River Roding at Abridge

I lament not having time to have a look at the medieval Lambourne Church, but glad of the beguiling path leading down to Conduit Wood. A gnarly old tree beside a murky green pond looks to be home to a colony of wood sprites. An information board tells us that the path “runs alonsgide and ancient green lane”. The woods have a feel of magick and timelessness, where the path could as easily lead to another plane of existence as Gallman’s End Farm where I actually find myself.

Lambourne Church

A bridleway so deep in mud that it has made me hate horses, takes me down to the edge of Hainault Forest. Several comments on the YouTube video inform me that this quagmire goes by the name of Featherbed Lane.

Hainault Forest

A pond in Hainault Forest captures the sunset and holds it fast just beneath the surface of the water. It’s glorious to be in the forest celebrating what feels like one of the first real spring days (it was 15th April) after a long hard winter. I decide to toast the arrival of the new season and head off into Chigwell to purchase a can of San Miguel which I swig heartily as I make my way down off the high ground to Grange Hill Station.

Unearthings: On and Off Watling Street with Iain Sinclair and Andrew Kötting

Just under a year after the premiere of our film, London Overground, Iain Sinclair mentioned joining him out on the road again with my camera. This time he was walking a section of  Watling Street, the Roman road said to have much older origins, in the company of the great film-maker Andrew Kötting, from Canterbury to London. I joined them one morning along Shooters Hill Road in South London where they were accompanied by artist Anne Caron-Delion. This first walk followed the road to Westminster (another branch goes across London Bridge to the City) – passing over Blackheath, through Deptford (the ‘deep ford’), New Cross, Peckham, Elephant and Castle, along the way.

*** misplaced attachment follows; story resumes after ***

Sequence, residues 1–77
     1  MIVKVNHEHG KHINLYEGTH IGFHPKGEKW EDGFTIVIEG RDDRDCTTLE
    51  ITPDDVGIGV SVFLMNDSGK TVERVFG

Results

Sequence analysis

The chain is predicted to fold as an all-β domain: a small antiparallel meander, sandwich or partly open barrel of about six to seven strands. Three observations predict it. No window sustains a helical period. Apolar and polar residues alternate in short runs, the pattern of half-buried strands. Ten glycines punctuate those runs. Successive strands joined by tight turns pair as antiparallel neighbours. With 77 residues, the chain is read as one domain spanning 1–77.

Enroute Iain had mentioned a second passage that related to Watling Street but branching off from Shooters Hill to take in the Shrewsbury burial mound and follow cult author Steve Moore’s ‘psychic circuit’ down to Woolwich. This brings Alan Moore into the story and led to a second walk. Steve Moore had been Alan Moore’s mentor, teaching him both the arts of magick and comic book writing. Alan had celebrated Steve’s territory of Shooters Hill in an essay published in London, City of Disappearances, entitled Unearthing. This seemed like the perfect title to appropriate as the title for the film.

 

The film that I made from the two walks ‘on and off’ Watling Street with Iain Sinclair was premiered at an event at Kino-Teatr in St Leonards-on-Sea last October, where Andrew Kötting also premiered his film of the whole walk, A WALK BACK TO THE LAST LONDON BY WAY OF WATLING STREET.

The event was called, Lights Out for the Last London: Down Watling Street with Iain Sinclair, Andrew Kotting and John Rogers.

“To pull away from its gravity, he sets off on a Watling Street pilgrimage with long term collaborators (and filmmakers) Andrew Kötting and John Rogers.
Their adventures, told through differing and contradictory memories, become a live performance, a conversation, a film of record.
The collision at Kino-Teatr in St Leonards is a unique coming together for the three walkers. Anything could happen.”

Kino-Teatr John Rogers Iain Sinclair Andrew Kotting

The video above captures the discussion with Iain Sinclair and Andrew Kötting after the screenings.